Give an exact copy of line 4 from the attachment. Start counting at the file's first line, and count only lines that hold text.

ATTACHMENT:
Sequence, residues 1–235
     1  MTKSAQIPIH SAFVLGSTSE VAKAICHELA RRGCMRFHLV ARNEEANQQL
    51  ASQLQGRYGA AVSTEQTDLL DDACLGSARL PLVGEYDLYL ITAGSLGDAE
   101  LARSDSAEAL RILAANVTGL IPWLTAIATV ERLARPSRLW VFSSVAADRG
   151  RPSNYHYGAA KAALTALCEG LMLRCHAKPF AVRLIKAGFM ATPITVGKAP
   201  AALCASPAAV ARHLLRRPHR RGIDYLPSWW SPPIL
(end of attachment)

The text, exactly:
   101  LARSDSAEAL RILAANVTGL IPWLTAIATV ERLARPSRLW VFSSVAADRG